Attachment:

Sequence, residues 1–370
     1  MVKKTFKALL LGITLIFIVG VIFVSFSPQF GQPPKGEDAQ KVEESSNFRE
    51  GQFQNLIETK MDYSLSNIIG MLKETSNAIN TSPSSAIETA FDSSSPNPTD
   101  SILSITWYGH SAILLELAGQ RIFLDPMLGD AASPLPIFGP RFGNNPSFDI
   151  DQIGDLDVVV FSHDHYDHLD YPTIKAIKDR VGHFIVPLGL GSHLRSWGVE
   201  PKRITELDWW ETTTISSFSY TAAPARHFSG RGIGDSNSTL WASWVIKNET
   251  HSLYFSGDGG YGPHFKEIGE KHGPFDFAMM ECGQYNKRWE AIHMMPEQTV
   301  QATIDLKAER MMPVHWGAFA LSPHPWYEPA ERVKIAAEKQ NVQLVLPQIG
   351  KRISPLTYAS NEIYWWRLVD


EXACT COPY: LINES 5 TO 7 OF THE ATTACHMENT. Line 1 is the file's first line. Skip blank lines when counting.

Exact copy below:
   151  DQIGDLDVVV FSHDHYDHLD YPTIKAIKDR VGHFIVPLGL GSHLRSWGVE
   201  PKRITELDWW ETTTISSFSY TAAPARHFSG RGIGDSNSTL WASWVIKNET
   251  HSLYFSGDGG YGPHFKEIGE KHGPFDFAMM ECGQYNKRWE AIHMMPEQTV